It’s been almost a year since I moved from the US to Indonesia. Before that, I lived in the States for over 10 years. Moving back to Indonesia has forced me to re-learn even the most basic interaction skills and generally acceptable behaviors. One of the first things you’d notice about Indonesia once you really start living here is that the internet service, for lack of a better word, sucks. And it’s not that fast and reliable internet is not available here, but it’s simply too expensive for anyone to afford. So the internet being a life line for me and so many other people, we all reluctantly spend more than we want to get a decent internet service at our homes and offices.
However, that’s not where the problem stops. I discovered more issues like Internet filtering. The Indonesian Government recently started a new censorship program called Internet Sehat(“healthy/clean internet”) to block out sites of pornographic nature. The problem with this program is that its algorithm often generates false positives for a number of “clean” sites, resulting in an “ACCESS DENIED” page. Some of the more recent attempts to filter the internet has been to reroute all DNS activities via their server, resulting in a “Page Not Found” error on our browsers. For those of you unfamiliar with what DNS is, it is basically a “phone book” of the Internet. It tells you which IP address to “dial” when you enter an address on your URL bar.
On top of that, I’ve also lost access to all of my US Cloud subscriptions like Netflix, Hulu Plus, and Amazon Instant Video.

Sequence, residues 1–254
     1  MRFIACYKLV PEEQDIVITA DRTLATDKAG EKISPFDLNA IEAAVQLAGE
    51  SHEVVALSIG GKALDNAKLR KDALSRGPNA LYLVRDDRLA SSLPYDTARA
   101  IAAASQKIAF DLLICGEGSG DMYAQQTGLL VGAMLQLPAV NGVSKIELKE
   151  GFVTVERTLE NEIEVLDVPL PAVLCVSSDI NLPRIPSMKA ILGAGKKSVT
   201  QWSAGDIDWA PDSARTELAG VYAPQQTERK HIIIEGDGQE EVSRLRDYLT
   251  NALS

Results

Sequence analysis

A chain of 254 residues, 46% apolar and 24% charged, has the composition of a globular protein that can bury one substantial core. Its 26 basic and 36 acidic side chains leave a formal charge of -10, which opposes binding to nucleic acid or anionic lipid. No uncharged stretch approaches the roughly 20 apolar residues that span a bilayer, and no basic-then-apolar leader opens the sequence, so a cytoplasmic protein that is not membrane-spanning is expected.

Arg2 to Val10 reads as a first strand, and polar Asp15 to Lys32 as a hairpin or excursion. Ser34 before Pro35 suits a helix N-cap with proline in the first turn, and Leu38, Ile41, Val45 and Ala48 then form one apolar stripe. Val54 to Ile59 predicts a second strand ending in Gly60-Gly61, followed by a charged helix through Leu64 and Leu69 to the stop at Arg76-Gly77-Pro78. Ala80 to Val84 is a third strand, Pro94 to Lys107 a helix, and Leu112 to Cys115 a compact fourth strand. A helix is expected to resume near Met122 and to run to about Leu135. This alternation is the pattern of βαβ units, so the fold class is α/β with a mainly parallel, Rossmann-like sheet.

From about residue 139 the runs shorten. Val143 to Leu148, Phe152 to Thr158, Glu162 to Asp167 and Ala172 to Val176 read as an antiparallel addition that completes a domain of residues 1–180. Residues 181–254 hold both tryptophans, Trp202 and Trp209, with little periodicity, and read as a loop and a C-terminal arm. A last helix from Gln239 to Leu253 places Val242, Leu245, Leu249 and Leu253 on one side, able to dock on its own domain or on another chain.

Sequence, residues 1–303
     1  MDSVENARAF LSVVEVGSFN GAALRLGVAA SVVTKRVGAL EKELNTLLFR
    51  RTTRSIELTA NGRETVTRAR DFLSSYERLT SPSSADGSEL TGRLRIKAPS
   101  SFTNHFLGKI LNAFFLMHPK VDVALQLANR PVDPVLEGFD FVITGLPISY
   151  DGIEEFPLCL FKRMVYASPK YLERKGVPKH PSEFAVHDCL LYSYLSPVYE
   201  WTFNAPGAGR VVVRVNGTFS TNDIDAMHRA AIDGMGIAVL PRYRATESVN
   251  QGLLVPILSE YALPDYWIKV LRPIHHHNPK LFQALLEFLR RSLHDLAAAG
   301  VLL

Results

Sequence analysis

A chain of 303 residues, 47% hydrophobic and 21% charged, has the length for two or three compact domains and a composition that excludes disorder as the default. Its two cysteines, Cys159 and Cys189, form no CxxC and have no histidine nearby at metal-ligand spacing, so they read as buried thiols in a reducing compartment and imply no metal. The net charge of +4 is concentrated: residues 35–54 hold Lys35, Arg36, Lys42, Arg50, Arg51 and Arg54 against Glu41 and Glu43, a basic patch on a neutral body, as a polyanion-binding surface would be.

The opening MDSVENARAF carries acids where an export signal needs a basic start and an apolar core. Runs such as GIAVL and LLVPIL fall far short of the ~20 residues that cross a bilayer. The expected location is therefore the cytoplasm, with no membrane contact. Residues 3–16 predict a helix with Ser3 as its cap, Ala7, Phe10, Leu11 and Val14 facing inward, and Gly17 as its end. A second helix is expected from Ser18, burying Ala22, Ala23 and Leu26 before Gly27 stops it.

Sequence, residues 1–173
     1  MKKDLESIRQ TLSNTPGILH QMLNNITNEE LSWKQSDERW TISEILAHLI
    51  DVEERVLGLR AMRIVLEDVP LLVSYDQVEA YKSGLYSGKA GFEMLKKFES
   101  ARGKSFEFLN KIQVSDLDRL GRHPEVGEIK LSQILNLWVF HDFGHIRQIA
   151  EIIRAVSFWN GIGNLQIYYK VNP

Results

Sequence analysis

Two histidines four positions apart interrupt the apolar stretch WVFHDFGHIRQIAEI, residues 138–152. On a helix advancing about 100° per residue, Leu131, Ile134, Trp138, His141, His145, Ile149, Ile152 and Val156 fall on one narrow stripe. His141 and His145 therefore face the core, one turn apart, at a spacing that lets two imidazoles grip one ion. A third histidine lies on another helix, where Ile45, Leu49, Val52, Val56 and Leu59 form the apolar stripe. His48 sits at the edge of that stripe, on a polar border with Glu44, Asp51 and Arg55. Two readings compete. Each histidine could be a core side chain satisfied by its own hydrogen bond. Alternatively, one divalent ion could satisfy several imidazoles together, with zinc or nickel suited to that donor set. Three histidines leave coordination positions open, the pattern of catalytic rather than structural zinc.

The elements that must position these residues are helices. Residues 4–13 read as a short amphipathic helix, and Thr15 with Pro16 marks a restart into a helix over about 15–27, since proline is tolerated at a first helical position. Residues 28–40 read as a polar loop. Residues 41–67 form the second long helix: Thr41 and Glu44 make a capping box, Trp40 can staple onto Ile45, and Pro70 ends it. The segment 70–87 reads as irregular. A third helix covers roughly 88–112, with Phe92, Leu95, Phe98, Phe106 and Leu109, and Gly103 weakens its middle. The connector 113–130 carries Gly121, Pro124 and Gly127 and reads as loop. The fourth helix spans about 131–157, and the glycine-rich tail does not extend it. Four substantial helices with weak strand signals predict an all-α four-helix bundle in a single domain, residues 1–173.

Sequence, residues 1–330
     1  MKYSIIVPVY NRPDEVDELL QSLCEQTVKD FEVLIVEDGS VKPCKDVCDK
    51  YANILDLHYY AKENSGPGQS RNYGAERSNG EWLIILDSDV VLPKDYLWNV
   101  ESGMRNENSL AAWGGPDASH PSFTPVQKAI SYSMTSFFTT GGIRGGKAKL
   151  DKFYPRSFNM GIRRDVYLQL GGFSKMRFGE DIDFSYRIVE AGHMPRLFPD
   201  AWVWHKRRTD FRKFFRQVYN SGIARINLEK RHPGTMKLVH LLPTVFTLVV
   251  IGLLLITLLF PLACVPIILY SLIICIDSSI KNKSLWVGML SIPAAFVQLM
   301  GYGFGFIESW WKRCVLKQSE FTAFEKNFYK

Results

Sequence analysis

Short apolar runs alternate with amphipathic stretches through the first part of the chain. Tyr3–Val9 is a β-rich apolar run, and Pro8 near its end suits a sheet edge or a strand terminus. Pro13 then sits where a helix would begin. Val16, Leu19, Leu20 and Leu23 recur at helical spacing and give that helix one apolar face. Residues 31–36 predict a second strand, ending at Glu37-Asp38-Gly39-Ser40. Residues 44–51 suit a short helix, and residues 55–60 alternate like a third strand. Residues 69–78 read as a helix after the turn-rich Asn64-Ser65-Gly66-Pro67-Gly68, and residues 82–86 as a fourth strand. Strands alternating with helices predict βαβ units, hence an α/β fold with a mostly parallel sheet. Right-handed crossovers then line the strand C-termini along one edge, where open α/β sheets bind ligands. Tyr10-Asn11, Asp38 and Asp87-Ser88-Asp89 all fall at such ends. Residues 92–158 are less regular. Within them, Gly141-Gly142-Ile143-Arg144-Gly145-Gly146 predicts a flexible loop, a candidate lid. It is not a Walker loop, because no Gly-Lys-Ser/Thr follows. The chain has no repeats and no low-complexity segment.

The answer to this problem is VPN, or Virtual Private Network. In its early days, VPN was used as a secure wide-range method of connecting distanced computer networks together, such as in multinational corporations that need access to their remote networks. Nowadays however, VPN is widely used, among many things, to either mask one’s IP address, or to gain access to sites that utilize geolocation services for access. In other words, VPN enables its users to create a secure connection (tunnel) to a server anywhere in the world, and hides their true location. Most VPN today use 256-bit or higher SSL encryption, which is the same technology used in the worldwide banking system. Suffice to say, whatever you do behind your VPN cannot be viewed by anyone else. Don’t confuse this with a proxy service. Proxies are very similar to VPN in the sense that it redirects your IP and hides your location. But because proxy services are unsecured, websites with smart java scripts, cookies and other scripts can detect and reveal your true location and deny you access.
After scouring the internet and trying out a few providers, I found one that works well and is quite reliable (12vpn.com). It even works in China to bypass the Great Firewall, giving me access to Facebook, Twitter, or any other website I desire. It costs USD 80 per year for a subscription, and what you get is unlimited connections to servers all around the US from San Francisco to New York 24/7. The best part is you can even share it among your laptops, phones, and other devices like Smart TVs, tablets, or game consoles, as long as you know how to set it up.
And with that, I can relax and enjoy my favorite TV shows after a long day’s work.
Padlock Ethernet – getusvpn.com
No Hulu – mandeewidrick.com
VPN Diagram – vpnresource.com
This article was happily contributed by:
Whether it’s gadgets, cars, politics, or philosophy, Anthony has always had an opinion about everything. Anthony has a problem restraining himself from a good discussion. Fortunately for him, the Internet is a playground for that. When he is not looking up how-tos on Google, he’s either busy tweaking his cars and gadgets or saturating himself in a good TV show. Anthony dreams of going to space one day, if his love for greasy burgers doesn’t kill him first.